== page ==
Monday, January 11, 2016

Crop Watching

Gardeners often talk about how they notice climate change's subtle effects on plants in the patch under their care. I do, or at least sometimes I do. When flowers appear at weird times of year, crops appear much earlier or later than usual, you can't help but wonder if a change in the Earth's climate might have something to do with it ...

.... And then my whole theory is ruined by other plants operating like clockwork. This morning, the figs are ripening, bang on schedule. Last year I posted about them ripening on January 11, and this morning, January 11, there's several of them ripening up nicely, swelling to double normal size almost overnight, then turning reddy brown once fully ripe. That's almost far too clockworky for me — I think I might be growing climate denialist figs!

My figs, apparently, don't read the papers or listen to the evening news. As far as they are concerned, it's business as usual here in their latest Sydney summer. I love the way they tend to ripen one at a time from each branch cluster. Once we pick this one, another of those other little green ones on each brand will take its turn to ripen. Very orderly.

Pam is the fig aficionado around here, and it's her job to harvest them when she thinks they're at their peak. Of course she might bring the harvest ahead a day or two if our local birds start to show a perfectly healthy interest in a bit of beaky crop-theft.

Elsewhere, our crop watching is in full swing. This lumpy looking cucumber is a bit like a fig in that it suddenly swells up in size in just a few days. Two days ago it was a scrawny little spiky green, unpleasant looking thing half the size of this whopper. I suspect that by tomorrow morning it will be even larger and on our kitchen benchtop, ready to eat. All those yellow flowers around it are cucumber flowers, so I think we're going to have a cucumber glut on our hands by the end of the month.

Progress is more mauve coloured and genteel on the eggplant bush. It's sent out a dozen or so of its simple potato/tomato/eggplant family flowers, and hopefully our local busy bees will pay them a visit. (This is where the "no pesticides" part of organic gardening reaps its rewards — good numbers of bees, who pay their way in the scheme of things by providing a stack of crop-pollinating services.)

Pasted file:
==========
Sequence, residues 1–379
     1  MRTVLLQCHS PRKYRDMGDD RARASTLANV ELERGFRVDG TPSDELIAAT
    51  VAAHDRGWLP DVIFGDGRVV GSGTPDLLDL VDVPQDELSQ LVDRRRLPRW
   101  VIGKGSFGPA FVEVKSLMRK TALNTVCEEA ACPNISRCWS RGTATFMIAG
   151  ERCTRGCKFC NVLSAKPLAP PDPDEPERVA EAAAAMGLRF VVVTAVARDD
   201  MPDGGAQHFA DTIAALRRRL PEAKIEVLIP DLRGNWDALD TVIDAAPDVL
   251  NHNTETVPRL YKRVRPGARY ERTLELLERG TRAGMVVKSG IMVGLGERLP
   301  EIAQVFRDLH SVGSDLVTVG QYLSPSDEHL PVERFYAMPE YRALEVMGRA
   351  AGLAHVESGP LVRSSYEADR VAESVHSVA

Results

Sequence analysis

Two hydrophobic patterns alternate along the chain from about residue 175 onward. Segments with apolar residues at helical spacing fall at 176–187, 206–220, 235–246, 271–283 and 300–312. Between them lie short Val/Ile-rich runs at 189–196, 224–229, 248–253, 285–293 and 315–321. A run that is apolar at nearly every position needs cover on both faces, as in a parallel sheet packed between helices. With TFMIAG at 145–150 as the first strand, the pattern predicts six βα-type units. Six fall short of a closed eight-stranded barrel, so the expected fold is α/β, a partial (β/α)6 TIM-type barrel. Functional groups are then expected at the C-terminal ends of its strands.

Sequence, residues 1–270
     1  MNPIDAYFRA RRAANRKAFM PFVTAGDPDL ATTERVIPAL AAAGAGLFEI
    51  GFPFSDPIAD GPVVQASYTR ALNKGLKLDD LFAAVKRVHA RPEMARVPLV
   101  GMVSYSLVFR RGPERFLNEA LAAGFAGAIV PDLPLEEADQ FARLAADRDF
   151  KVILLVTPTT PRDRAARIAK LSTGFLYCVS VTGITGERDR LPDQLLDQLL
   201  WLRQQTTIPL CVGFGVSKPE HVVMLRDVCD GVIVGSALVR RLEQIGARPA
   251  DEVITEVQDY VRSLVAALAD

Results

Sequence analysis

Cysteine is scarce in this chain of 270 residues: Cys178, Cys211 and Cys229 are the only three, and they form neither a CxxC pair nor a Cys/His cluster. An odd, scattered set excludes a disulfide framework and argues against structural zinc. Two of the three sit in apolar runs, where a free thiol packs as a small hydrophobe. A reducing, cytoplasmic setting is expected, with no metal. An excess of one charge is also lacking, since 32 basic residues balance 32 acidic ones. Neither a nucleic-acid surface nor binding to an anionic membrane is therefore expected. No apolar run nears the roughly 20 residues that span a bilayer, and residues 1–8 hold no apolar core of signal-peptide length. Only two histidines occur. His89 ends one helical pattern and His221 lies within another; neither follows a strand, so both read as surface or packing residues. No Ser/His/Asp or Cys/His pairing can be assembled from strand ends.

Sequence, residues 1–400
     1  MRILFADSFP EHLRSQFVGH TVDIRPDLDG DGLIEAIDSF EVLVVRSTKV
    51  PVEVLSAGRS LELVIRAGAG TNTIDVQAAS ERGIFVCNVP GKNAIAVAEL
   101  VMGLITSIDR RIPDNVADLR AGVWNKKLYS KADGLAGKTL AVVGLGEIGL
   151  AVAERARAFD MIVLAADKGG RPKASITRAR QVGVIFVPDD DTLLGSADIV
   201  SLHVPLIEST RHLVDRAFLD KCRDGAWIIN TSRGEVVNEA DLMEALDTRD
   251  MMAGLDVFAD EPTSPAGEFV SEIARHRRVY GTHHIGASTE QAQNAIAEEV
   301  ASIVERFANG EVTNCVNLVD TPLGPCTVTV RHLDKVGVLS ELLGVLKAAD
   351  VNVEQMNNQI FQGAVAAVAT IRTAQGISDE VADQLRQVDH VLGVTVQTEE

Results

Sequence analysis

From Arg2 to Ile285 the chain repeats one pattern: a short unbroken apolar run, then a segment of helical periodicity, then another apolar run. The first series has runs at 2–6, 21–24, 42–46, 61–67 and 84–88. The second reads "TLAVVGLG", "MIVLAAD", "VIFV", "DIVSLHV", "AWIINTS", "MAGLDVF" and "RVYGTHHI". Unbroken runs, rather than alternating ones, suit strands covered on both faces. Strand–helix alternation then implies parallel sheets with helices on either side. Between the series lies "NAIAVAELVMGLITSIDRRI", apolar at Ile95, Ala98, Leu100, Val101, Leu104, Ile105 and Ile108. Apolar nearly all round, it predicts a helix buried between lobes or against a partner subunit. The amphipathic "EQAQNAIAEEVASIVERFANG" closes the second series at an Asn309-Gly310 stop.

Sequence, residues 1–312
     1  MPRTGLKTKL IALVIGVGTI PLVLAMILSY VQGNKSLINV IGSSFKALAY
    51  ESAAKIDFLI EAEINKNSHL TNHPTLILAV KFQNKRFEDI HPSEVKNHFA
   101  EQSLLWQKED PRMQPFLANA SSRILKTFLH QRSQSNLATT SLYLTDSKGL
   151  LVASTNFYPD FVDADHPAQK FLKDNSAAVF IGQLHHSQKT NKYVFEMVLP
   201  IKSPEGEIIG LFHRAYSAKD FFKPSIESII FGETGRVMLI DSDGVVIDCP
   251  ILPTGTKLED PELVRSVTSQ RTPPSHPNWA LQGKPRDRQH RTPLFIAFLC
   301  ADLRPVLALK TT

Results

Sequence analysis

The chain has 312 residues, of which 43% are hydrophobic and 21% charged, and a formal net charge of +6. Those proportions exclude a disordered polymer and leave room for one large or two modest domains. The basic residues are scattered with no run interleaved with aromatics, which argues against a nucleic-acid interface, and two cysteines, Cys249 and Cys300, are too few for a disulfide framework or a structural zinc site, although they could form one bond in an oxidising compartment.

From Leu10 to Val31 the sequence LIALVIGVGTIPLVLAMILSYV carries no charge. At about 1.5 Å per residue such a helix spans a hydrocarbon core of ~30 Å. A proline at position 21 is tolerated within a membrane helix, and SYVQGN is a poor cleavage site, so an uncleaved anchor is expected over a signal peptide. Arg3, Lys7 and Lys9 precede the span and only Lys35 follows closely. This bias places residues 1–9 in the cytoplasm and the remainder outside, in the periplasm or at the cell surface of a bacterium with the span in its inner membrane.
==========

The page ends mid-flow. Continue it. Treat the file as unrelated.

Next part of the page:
Here's a baby eggplant in its creche, starting to grow. These are the common variety 'Bonica', the familiar largish eggplants you see most commonly in the shops around here. 

I've got a whole posting to come about making ratatouille, but I'll save that up for a few weeks from now, when we harvest a few eggplants.


Crooked Cottage said...

Yum I love figs - yours look great. I grew my first cucumbers and eggplants this year too, although I have managed about four cucumbers and it seems to have succumbed to the powdery mildew now. I look forward to your ratatouille (oops, spelling?!) recipe to come.

Phil Pogson said...

Grilled figs topped with mascapone and a slight dusting of icing sugar and vanilla.

Jamie said...

Crooked Cottage: the powdery mildew attacked my cucumbers but I'm cutting off the worst leaves and spraying the rest with eco-fungicide. At best it slows down the rate of the spread of the damage, that's all.

And Phil, agreed, that's a yummy way to enjoy figs!

Shivangni said...

As usual you post calms my nerves and the world looks bright and hopeful once again! Power of plants and your words to uplift spirits from across the globe.

As your other readers, am waiting eagerly for the recipe of ratatouille

Thanks for the posts

Sylvia said...

Hi Jamie,
I just love your beautiful garden, it is such an inspiration. I've recently started blogging about my attempt to create a tropical garden from scratch (called just that) and hope one day to incorporate an edible garden just like yours.

Gardening is such a joy, whether it be plants, food or, in your case, both.